I believe design is about clearly communicating your message and I approach the design process in the same way. Straight talking, transparent communication.
I've tried to reflect that in this portfolio of my work and be clear about the inevitable learning experiences on each project along with the successes. I hope this shows that I have reflected and learned from each experience to ensure the most successful project I'll do will always be the next one.
I've had a healthy interest in human psychology since university and taken a more professional interest in user psychology around three years ago.
User experience research has been a part of the design process for centuries. With digital design we can continuously test and iterate a product at a much lower cost. I've adopted the principles of Lean UX design into my process. Identifying the assumptions and building the simplest feature to test it's effectiveness through short iterations.
It's been 15 years since I designed my first website made in a wysiwyg editor and not very intuitive but the start of a continuing learning process. I've always communicate directly with the client as we worked through each stage of the design process.
I feel it's important to keep people in the loop with each decision, creating mood boards, low and high fidelity mockups and then moving to build. To get important feedback at the earliest stage.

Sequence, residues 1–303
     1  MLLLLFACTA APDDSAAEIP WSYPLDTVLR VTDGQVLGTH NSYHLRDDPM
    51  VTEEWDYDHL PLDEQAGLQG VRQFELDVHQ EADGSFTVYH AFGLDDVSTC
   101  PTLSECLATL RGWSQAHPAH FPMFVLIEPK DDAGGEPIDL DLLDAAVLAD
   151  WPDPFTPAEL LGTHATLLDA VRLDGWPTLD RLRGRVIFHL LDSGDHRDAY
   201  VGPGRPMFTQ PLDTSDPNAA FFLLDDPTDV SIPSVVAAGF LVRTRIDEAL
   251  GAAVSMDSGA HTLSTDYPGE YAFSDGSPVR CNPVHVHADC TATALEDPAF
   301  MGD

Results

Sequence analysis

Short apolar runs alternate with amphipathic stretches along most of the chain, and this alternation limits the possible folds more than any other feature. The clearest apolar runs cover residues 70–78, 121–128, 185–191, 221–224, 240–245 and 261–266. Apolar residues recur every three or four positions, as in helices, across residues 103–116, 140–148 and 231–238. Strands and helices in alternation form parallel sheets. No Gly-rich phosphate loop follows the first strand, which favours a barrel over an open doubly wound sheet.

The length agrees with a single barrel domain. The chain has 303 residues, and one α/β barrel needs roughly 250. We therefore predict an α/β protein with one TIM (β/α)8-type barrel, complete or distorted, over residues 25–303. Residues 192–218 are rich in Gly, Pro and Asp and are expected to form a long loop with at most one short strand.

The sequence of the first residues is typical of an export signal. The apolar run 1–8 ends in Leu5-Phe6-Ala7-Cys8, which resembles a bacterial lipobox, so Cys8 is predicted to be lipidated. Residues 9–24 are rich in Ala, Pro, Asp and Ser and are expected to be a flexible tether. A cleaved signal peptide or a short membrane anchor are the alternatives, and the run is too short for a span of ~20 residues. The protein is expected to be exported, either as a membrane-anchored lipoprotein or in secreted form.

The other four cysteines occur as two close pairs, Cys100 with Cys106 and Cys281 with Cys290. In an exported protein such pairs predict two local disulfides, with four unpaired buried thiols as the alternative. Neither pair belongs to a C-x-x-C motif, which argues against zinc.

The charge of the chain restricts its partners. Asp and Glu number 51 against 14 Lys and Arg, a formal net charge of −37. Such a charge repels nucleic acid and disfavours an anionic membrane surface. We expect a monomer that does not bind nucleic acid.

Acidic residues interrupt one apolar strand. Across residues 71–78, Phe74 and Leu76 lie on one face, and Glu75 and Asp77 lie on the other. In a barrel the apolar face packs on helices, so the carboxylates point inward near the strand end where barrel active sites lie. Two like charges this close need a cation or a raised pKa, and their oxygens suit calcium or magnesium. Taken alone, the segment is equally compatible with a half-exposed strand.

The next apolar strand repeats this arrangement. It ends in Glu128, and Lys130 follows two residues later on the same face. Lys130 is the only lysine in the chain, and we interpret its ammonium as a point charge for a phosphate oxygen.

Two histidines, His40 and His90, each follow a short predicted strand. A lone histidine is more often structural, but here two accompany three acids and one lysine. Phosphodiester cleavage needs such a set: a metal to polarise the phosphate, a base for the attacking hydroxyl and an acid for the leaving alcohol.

I've been working on applications for four years. Elearning, LMS, project management software to list a few. I find it important to keep track of all the standard design patterns as users spend more time using other applications.
Interface designer is like a therapist, ask the correct questions and read the sub text in the answer. I enjoy the meaningful feeling of been genuinely helpful to improve how someone uses something in their day.
I've been native in the core languages for a long time. In my opinion a good knowledge of how the technology works is vital for design.
Often I see designers putting a feature in the design without knowing the development time. I'd argue that to include a feature you need to know it's cost and it's value, if the cost is greater than it's value then don't buy it.